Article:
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From Gamer to Cynic and Post-Modern Critic

May 5, 2014Written by John VanderSchuit


I’d like to tell you a short story about myself, but first let me start by asking you a simple question, mostly to jog your memory and maybe stir up some nostalgia. I want you along for the ride, both in the head and in the heart.

When did you first pick up a controller or a handheld console?

As for me, my 1989 GameBoy “Fat” represented my first foray into the wide world of home video game entertainment, and I was innocent. Naive. Young. A fresh face ready and willing to be groomed into a long-time fan and consumer. I was filled with an avid and insatiable sense of wonder. Each button press brought me into a state of broader and deeper euphoria that fueled what would turn into a core component of my overall lifestyle. I had become a gamer.

I connected with the games. They affected me. I sought an escape into adventure and I found it. It was everywhere around me and I simply couldn’t get enough of it. And that’s how it stayed for about 13 years (from the age of 4). Elementary school and early middle school flew by in bright flashes of Pokemon: Blue, Zelda: Ocarina of Time, Super Mario World, Medal of Honor, Twisted Metal, Goldeneye, Contra, F-Zero, Super Smash Brothers…hell, even Lego Island. Everything seemed fresh, wonderful, ultimately fulfilling and downright fun. I frequented my local GameStop and savored every page of Game Informer. I was the first of my friends to know about new games and systems and I was the go-to guy for recommendations for stuff to play or avoid.

But then something happened.

The seventh generation of consoles rolled around (PS3, Xbox 360, Wii), and something in me changed. Was it that my taste in games had shifted? No, it was deeper than that. Was it maybe that I was saturated with sequels from previous generation games and was bored? To some extent, but no. Was it my jaded attitude towards paying for being able to play versus or with my friends online? I don’t even think it was that. You know what, I have come to a realization, and here it is:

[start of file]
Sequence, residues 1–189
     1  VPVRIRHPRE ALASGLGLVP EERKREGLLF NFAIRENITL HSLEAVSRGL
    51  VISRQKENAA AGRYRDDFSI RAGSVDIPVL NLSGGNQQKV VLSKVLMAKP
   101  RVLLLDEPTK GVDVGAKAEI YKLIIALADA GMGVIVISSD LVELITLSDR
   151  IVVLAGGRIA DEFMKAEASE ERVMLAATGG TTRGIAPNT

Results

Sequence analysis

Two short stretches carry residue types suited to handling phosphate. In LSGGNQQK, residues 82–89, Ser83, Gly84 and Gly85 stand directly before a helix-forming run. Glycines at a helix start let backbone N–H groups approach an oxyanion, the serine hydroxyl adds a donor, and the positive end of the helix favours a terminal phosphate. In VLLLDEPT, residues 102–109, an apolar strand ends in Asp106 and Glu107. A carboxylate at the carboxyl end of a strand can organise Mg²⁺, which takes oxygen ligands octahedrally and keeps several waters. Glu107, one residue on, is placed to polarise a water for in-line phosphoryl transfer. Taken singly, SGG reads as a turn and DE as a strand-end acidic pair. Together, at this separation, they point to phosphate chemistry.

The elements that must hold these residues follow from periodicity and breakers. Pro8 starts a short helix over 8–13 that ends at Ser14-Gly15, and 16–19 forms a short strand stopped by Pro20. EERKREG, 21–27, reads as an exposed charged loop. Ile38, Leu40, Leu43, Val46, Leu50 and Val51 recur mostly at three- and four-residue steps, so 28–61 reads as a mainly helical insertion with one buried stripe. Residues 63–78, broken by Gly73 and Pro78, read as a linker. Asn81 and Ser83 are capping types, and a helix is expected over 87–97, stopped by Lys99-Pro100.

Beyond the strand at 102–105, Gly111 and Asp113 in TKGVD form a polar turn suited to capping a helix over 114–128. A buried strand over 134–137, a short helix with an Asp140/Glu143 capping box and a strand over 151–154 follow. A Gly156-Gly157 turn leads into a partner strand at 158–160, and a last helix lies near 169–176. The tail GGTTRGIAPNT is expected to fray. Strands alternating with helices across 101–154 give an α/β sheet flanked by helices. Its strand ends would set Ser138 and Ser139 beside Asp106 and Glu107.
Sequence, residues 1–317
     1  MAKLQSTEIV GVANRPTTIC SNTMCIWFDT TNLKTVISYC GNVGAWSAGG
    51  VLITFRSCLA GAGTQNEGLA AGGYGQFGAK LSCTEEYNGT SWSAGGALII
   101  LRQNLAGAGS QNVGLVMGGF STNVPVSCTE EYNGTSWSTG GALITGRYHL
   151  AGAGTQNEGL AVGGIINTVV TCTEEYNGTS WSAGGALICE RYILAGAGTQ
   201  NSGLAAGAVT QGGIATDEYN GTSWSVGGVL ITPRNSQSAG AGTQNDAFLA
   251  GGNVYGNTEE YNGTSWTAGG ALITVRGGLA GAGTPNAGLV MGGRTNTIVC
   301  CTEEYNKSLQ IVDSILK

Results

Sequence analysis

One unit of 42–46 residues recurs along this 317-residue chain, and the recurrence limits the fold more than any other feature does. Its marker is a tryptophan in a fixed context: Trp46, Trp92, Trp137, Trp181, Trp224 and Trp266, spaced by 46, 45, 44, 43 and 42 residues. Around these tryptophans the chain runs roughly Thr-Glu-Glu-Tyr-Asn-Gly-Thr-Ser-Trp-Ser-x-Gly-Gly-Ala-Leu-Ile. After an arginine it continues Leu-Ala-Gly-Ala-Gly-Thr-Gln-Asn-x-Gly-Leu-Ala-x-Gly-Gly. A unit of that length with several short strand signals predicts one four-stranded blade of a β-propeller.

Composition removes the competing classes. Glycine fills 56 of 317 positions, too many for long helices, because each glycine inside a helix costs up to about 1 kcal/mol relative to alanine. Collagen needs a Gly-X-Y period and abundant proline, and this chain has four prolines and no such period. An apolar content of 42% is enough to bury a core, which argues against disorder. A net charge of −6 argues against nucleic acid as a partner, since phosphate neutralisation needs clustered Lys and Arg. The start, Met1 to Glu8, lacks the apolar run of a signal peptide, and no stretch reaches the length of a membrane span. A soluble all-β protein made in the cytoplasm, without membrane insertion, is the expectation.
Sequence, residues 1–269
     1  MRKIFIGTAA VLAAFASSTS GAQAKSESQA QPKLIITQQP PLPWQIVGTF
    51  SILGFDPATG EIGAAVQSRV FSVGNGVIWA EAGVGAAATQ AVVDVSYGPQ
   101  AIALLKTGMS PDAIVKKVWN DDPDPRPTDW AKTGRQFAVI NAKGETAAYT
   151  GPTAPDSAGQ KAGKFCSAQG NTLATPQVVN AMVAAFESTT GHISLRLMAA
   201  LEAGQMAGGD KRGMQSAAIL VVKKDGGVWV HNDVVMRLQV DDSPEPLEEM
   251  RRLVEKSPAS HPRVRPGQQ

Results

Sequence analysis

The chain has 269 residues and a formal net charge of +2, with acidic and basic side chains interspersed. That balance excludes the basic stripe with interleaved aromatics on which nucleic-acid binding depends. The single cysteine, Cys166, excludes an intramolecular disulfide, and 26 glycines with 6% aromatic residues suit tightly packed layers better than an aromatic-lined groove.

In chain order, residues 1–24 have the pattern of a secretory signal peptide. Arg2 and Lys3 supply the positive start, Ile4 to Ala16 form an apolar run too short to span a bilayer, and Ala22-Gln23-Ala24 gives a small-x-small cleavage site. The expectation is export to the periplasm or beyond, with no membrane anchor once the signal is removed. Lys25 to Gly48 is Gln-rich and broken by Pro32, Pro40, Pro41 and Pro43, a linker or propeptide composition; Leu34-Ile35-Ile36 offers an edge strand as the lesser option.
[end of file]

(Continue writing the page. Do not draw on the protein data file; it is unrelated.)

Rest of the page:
Peter Molyneux gave me trust issues.

The neat thing is, I’m figuring it all out as I’m writing. I did begin this piece with a general idea of where I was coming from and where I was headed to, but oh my. Talk about a revelation!

If you will, for the sake of this continuing editorial work and for the sake of remaining with me in my train of thought, go back with me to the times of the original Xbox. It was a machine that represented graphical breakthrough. Full of potential, nearly off-the-shelf PC parts, and a hard drive in every system as well as some rockin’ online capabilities (don’t deny that Xbox Live really shoved us into the future as far as console online play is concerned), the Xbox was bursting with versions of multiplats that looked better and exclusives that were very easy on the eyes. It was the perfect platform for the already well-known Peter Molyneux, of Populous and Black & White fame. He saw it as his method to his madness. So out of excitement, he got up in front of the world, and promised us the universe on a disc.


A universe called Fable.

Upon hearing Father Molyneux preaching the good news from the pulpit, I noticed that I was more excited and filled with wonder than I had ever been as kid. This was new and different, unlike any game we’d ever played. Every decision we made mattered, and we were going to be free to explore a massive world that was indelibly affected by the player’s presence.